What a difference a week makes. In the first presidential debate, President Obama let Mitt Romney's attacks on him stand, and seemed disengaged. Vice President Joe Biden stayed in Rep. Paul Ryan's face for the entirety of Thursday's vice presidential debate. In the process, he forced Ryan, and by extension the Romney campaign, onto the defensive for a large part of the evening. Obama has a lot to be grateful for.
Last week, Romney repeated over and over that the president's health care bill cut $716 billion. Obama didn't push back much to explain that the cuts came from providers and insurance companies, not beneficiaries. This week, Ryan was forced again and again to answer for his voucher/"premium support" approach to Medicare, which Biden hammered at relentlessly.
Last week, Romney flatly denied he had proposed $5 trillion in tax cuts. This week, Ryan had to keep dodging the question of what middle-class deductions would have to be eliminated to pay for the tax cuts. The moderator, Martha Raddatz, who effectively challenged both candidates throughout the debate, at one point turned to Ryan and asked: "No specifics again?" The discussion revived an issue Obama badly needs in play.
And Ryan made a major mistake in defending his past support for privatizing Social Security. Last week, Obama made a mistake of his own when he said that his position and Romney's on Social Security were similar, thereby closing off a matter that has always been a Democratic staple. The Republicans should have let things sit right there. Instead, Ryan brought the privatization issue to life. His standing his ground on his Social Security ideas (rather than simply saying that Romney had no plans to move in that direction) will allow the Democrats to add Social Security to Medicare in their arsenal of issues they hope to use to cut Republican margins among seniors.
Biden was hot, avuncular, occasionally sarcastic, and always engaged. He laughed a lot, and never let a point slip. I am certain that the cheers in Democratic living rooms around the country were as loud as the sighs of relief. That alone was vital to Obama. Demoralized Democrats themselves contributed to the story line of Obama's failure in the first debate. The days of demoralization are over.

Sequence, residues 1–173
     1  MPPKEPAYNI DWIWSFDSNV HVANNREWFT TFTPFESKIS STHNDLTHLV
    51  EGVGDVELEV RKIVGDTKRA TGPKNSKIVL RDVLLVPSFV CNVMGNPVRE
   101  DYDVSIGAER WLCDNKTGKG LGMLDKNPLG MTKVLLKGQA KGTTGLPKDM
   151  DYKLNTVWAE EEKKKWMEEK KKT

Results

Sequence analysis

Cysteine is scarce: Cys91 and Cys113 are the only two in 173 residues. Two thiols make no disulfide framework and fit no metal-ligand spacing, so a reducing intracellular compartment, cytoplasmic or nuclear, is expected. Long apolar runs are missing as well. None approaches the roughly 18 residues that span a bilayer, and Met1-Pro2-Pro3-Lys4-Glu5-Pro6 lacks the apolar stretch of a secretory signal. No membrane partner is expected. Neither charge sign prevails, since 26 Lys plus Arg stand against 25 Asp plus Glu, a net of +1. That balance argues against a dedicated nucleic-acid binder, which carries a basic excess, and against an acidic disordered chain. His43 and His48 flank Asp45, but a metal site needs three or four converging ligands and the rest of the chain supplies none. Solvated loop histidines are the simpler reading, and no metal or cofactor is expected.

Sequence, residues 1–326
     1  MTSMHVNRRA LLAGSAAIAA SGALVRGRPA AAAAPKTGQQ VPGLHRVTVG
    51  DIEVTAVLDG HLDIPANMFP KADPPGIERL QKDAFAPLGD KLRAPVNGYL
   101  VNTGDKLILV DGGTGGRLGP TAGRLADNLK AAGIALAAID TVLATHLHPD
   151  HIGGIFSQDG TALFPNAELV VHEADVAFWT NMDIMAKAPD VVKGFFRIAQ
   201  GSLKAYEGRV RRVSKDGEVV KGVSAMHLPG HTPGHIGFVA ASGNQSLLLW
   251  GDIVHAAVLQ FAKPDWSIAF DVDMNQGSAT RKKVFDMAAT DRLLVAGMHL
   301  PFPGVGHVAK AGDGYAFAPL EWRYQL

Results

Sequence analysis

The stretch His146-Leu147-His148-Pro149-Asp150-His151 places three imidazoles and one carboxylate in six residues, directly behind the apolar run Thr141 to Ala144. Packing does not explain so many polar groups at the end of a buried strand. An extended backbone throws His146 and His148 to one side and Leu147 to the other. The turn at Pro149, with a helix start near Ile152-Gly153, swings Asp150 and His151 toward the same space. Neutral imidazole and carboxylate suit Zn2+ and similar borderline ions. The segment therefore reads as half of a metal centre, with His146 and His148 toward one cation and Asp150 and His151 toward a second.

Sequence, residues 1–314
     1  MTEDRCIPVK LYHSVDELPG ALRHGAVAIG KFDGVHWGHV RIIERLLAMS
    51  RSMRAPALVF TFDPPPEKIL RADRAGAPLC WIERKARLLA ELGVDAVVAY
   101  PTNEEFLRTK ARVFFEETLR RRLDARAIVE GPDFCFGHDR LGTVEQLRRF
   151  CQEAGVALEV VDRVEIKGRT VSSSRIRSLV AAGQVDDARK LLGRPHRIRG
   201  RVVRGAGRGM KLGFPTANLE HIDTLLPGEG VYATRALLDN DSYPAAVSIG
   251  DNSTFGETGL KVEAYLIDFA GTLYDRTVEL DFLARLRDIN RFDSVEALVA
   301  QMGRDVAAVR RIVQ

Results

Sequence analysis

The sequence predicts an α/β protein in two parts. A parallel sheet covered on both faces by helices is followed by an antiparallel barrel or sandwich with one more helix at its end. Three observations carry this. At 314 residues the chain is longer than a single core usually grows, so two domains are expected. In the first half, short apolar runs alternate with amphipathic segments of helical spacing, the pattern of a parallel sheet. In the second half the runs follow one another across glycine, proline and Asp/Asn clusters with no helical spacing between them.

Some will no doubt write that Biden was too hot and overreacted to Obama's disengagement. But this misreads the net impact of the debate, which was to renew the doubts about Romney, Ryan and their approach that were hurting the GOP before the last debate. Biden stayed on Romney's class bias from the beginning to the end -- he was not shy, as Obama was, about mentioning Romney's 47 percent comments. A Romney presidency, Biden said, would concentrate on "taking care only of the very wealthy."
Ryan probably did himself some good with his conservative base, and he generally preserved his cheerful demeanor. The debate will help advance his chances for a 2016 Republican nomination if the Romney-Ryan ticket loses this year. But his main tasks on Romney's behalf were to keep the momentum from last week's debate going and to keep the campaign colloquy focused on Obama's weaknesses. In this, he failed. The news is likely to shift again toward the problems with Romney's ideas, and with Ryan's own. A particularly revealing moment was Ryan's heartfelt defense of his staunch opposition to abortion. It was an honest answer that will keep him in good stead with conservatives, but it almost certainly hurt Romney, who has been trying to soften his stance on the subject.
In 2004, after John Kerry's clear victory over George W. Bush in the first presidential debate, then-Vice President Dick Cheney came out on top in most of the commentary about his encounter with John Edwards. Cheney thereby slowed Kerry's momentum. Dick Cheney has never been Joe Biden's role model, but Biden's imperative Thursday night was the same as Cheney's eight years ago. And with a very different style, he achieved the same result. It will now be Obama's task to pick up where Biden left off, but the vice president clearly brought his president back to a much better place.
E. J. Dionne Jr. is a syndicated columnist, professor of government at Georgetown University, and a senior fellow at the Brookings Institution. His most recent book is Our Divided Political Heart: The Battle for the American Idea in an Age of Discontent (Bloomsbury Press).